All foods labeled as organic must come from certified farms or handling operations. All products labeled as “100% organic” must contain only organically produced ingredients; products labeled as “organic” must contain at least 95% organically produced ingredients; the other 5% of ingredients may come from the National List of approved substances. Both 100% and 95% organic products may use the USDA organic seal. Products that contain at least 70% organic ingredients can be labeled “made with organic ingredients” and list up to three of those ingredients on the principal display panel but are not allowed to use the USDA organic seal. Products with less than 70% organic ingredients may only list which ingredients are organic on the information panel.

The European Commission recently adopted a proposal for new regulations on organic production. The new rules, which go into effect on January 1, 2007, are meant to be easier for both producers and consumers to understand and will be slightly flexible for the different regions in the European Union. Organic products in the EU must contain at least 95% organic ingredients. Imported organic products must comply with EU standards, or the country of origin must have equivalent guarantees; the U.S. also accepts products from countries that have equivalent guarantees, such as the EU.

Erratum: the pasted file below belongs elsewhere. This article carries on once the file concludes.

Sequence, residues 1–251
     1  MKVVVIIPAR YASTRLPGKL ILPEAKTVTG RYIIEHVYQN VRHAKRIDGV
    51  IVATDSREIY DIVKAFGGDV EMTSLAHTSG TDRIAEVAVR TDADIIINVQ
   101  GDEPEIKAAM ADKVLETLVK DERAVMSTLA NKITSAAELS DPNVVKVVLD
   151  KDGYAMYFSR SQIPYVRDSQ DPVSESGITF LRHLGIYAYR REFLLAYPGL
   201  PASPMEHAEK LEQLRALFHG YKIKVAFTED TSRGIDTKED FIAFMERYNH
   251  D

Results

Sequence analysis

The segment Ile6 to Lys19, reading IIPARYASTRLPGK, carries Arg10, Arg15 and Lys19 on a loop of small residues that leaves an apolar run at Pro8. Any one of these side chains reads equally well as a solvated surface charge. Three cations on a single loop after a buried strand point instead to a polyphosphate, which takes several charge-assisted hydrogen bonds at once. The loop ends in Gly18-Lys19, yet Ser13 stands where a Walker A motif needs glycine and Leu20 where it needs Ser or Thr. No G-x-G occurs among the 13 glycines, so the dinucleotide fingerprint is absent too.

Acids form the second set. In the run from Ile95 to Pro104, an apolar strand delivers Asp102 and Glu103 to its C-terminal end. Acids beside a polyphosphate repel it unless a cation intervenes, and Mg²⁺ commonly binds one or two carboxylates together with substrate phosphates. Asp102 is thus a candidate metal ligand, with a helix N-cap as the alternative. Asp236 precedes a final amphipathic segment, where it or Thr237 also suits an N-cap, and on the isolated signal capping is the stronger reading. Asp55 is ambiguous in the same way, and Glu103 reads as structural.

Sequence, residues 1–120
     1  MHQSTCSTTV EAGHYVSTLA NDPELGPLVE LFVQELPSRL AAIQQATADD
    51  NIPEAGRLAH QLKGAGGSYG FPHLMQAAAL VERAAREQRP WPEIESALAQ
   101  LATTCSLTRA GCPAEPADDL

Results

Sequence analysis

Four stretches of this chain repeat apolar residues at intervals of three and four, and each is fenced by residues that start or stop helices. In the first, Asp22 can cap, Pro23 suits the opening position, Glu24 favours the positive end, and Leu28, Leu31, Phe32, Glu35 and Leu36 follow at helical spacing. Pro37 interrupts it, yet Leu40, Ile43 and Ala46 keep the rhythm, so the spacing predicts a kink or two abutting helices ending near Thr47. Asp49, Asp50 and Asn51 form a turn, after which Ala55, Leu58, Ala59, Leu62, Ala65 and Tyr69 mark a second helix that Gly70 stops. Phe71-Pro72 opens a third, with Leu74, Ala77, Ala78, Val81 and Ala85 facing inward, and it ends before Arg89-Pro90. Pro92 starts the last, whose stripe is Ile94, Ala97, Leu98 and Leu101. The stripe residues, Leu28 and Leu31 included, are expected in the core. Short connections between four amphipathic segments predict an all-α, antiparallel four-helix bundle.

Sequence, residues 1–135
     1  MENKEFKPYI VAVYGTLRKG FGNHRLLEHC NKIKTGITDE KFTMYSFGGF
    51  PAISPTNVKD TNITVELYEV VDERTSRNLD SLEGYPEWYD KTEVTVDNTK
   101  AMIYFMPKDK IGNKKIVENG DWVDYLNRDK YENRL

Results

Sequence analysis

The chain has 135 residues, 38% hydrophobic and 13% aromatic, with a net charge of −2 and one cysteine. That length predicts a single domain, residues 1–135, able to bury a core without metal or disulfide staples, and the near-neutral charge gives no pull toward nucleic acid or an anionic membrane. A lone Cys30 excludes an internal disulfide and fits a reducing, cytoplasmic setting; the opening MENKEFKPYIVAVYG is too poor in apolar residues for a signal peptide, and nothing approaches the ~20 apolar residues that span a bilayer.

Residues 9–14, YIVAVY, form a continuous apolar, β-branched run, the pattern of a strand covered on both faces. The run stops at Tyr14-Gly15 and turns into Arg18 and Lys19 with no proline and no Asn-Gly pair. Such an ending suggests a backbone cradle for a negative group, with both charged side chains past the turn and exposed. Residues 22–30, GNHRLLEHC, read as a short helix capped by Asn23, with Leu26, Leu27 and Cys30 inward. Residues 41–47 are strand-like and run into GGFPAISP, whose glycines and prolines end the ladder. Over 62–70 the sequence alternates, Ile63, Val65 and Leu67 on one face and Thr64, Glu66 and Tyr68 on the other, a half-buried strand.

Pesticide Residues
According to a recent survey, 70% of consumers said that they purchased organic foods to avoid pesticides (WFM, 2005). Clearly, one of the drivers of the organic food industry is the differentiation between organic foods and conventional foods with respect to pesticide use and perceived residues in food.

Synthetic substances can be used in organic production as long as they are listed on the National List of Allowed and Prohibited Substances. The list includes several synthetic substances allowed for use on organic crop production, such as soap-based herbicides, water disinfectants, and insecticides such as boric acid, lime sulfur, elemental sulfur, copper sulfate, oils, and pheromones. Among the synthetic materials approved for organic plant disease management are copper sulfate, elemental and lime sulfur, and oils.